A couple weeks ago, Tom Benjamin made his case for why he thought the NHL should have taken Daniel Sedin along with his brother Henrik to the All Star Game in Atlanta this weekend:
With both players they have a good hockey story to market over the All-Star weekend. Separated, the Sedins are merely good players. Together, they are unique not just in hockey, but in all of sports. They aren’t just identical twins - they perform a twin act. Together at the game they would generate trivia about previous brother acts in All Star games and human interest. They might even deliver up a memorable shift against All-Star checking. They are different in a business where different is good.
A fair point considering the ASG is about showmanship, but there are also some obvious reasons why it doesn’t work either. At least by the measures by which players are currently selected for the game.
Still, twins are a fairly unique phenomenon in sports and as Randy Shore points out in today’s Vancouver Sun, there have only been five sets of twins that have come through the NHL. But until Daniel and Henrik Sedin, none have achieved any level of “mythology” until now:
Consummate myth-builder Brian Burke—the man whose devious and heroic machinations brought us the Sedins—insisted they had a special ability to communicate with each other. A myth was born, one that would be promoted through the writings of sports reporters ad nauseum.
There is something uncanny about Henrik’s ability to find his brother with a seeing-eye pass when it is obvious he could not have seen him streaking to the far post. But when a bumbling cityside reporter asks them if they are telepathic, the twins answer in perfect stereo.
It is a well-rehearsed answer by a pair of overly scrutinized brothers. That scrutiny will visit itself upon Henrik alone during the NHL All-Star Game Sunday in Atlanta, as he will play in the game while brother Daniel watches on TV. The hockey world will be watching to see if Henrik has a psychic connection with Pavel Datsyuk or Henrik Zetterberg.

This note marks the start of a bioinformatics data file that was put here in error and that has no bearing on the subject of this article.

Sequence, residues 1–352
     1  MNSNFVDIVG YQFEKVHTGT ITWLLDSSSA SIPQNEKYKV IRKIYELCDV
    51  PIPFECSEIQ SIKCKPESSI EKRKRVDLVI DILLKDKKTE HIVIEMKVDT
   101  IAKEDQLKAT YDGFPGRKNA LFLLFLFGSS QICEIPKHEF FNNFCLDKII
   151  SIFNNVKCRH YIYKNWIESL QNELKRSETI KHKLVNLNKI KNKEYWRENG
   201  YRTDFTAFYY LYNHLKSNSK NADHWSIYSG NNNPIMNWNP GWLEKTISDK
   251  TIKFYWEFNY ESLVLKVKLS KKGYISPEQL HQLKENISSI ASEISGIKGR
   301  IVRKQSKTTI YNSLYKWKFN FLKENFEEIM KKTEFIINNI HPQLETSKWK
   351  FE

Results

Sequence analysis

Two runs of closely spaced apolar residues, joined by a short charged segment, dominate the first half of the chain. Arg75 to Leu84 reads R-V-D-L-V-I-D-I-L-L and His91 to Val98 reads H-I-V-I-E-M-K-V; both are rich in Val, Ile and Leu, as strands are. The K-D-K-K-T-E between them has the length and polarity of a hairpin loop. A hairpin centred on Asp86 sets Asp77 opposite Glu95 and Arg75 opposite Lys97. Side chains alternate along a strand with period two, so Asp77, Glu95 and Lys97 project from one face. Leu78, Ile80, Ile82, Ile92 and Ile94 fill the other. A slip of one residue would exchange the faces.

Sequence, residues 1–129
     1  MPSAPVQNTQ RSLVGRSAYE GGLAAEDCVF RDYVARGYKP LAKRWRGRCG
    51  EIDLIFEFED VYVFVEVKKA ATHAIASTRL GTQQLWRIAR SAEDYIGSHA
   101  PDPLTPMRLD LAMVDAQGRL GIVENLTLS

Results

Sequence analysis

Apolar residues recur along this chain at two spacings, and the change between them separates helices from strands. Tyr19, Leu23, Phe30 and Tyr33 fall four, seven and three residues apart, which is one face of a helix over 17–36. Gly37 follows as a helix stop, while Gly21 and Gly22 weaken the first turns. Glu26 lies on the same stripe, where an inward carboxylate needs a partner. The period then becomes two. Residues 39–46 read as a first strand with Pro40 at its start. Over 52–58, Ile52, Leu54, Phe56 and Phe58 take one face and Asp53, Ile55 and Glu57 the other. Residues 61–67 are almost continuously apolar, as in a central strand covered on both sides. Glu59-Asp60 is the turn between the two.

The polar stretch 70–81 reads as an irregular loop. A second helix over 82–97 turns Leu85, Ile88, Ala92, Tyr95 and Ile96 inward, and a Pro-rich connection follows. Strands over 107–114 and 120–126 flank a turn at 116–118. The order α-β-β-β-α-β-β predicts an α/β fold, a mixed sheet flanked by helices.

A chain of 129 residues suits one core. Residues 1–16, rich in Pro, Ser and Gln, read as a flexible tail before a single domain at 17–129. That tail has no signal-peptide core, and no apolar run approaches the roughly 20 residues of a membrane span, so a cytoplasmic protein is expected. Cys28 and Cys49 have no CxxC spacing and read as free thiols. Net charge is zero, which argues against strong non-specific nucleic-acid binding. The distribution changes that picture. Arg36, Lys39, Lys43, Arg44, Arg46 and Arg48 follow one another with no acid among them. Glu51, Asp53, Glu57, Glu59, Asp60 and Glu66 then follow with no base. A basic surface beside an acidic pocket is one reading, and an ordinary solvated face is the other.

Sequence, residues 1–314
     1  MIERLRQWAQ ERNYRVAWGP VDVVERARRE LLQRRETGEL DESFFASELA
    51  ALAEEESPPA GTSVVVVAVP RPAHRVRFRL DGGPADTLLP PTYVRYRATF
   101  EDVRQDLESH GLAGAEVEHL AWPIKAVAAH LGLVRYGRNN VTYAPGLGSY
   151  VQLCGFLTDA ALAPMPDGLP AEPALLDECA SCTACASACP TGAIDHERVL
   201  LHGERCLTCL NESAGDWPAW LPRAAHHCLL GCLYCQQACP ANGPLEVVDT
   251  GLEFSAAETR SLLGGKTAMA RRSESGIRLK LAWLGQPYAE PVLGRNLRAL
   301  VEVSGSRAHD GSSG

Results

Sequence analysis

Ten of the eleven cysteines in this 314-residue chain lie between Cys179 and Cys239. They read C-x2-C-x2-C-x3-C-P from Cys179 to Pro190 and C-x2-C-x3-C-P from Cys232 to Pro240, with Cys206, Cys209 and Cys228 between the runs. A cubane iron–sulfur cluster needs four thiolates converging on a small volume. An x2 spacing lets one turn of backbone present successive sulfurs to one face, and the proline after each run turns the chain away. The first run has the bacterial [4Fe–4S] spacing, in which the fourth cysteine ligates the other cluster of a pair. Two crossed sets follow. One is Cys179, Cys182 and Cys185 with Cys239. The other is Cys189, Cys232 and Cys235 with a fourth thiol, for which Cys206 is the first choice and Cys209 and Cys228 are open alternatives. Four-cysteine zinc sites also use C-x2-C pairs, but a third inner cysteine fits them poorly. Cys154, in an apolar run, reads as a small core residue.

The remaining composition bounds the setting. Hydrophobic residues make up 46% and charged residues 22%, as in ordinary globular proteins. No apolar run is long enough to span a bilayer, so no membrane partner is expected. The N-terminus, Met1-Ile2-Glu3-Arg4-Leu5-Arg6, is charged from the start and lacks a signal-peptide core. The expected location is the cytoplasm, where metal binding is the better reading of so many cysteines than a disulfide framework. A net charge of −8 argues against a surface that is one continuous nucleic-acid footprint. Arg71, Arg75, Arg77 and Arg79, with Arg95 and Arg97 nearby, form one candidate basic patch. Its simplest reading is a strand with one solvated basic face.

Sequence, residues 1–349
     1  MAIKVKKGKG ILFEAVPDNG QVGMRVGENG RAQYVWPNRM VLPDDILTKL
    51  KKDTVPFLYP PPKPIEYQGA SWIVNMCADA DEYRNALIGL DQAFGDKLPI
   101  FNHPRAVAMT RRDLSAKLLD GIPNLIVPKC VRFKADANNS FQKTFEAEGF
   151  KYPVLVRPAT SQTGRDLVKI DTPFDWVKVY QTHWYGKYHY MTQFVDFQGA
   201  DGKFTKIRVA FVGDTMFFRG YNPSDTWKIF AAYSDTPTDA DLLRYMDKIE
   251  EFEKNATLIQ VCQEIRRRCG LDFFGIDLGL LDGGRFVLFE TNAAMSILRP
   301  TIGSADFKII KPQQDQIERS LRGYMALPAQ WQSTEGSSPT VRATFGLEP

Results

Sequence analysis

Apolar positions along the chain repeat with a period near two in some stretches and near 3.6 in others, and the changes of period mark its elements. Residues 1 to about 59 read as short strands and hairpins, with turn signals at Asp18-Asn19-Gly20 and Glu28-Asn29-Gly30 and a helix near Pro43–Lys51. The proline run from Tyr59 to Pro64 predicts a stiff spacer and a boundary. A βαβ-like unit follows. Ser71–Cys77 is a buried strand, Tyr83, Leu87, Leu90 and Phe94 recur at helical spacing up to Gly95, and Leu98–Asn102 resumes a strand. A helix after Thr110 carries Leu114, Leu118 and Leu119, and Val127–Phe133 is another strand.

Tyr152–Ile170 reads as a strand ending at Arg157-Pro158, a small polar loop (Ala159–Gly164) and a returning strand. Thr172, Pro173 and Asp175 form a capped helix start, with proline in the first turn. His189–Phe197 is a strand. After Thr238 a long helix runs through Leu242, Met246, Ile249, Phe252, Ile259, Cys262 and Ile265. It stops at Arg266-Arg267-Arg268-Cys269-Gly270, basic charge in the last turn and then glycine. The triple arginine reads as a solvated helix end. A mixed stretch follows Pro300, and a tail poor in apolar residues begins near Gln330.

A psychic connection with Zetterberg?? *shudder* :)
But to continue…
Canada and Sweden both keep careful records of twins and track them throughout their lives. Henrik and Daniel both recall taking part in twin studies for the medical establishment.
“But no experiments,” Henrik insisted.
Asked 10 different ways to elaborate on their differences, Henrik and Daniel consistently agreed there are few differences between them. When they do argue, it is usually about hockey or who left toast crumbs in the margarine. Perhaps less so now that they have separate homes.
Swedish teammates Sami Salo and Mattias Ohlund both identified Henrik as the more spontaneous, outgoing Sedin. Henrik and Daniel say no.
“Daniel is more social with family and friends,” Henrik said.
Teammates say you can see differences between the twins on the ice.
“Henrik is one of the top passers in the game,” said Canucks forward Trevor Linden, adding it is what Henrik does before the highlight reel starts that creates goals. “Sometimes you just skate back to the bench and say ‘Wow.’”
Daniel and Henrik insist they are equally and similarly talented as hockey players.
“We were both playmakers growing up,” Henrik said. “When we were 12 we were put on the same line and the coach chose me to play centre.”
The very fact that these sorts of questions come up again and again (which Vancouver fans more than all others would know) there’s no question that the state of being twins attracts enormous attention to the Sedins. And even if they were crap players, I doubt things would be much different.
But as stars of their team, the impact of their genetics on their PR is that much greater. I think Benjamin was right that the NHL could have marketed the twin circus rather well.
Perhaps we’ll see such a show in a future All Star Game.
Meanwhile, this week the NHL’s camera interviewed both players, and they’re obviously fine with the singular selection of Henrik. Nothing too substantial in the videos below, just a short Q&A with each brother.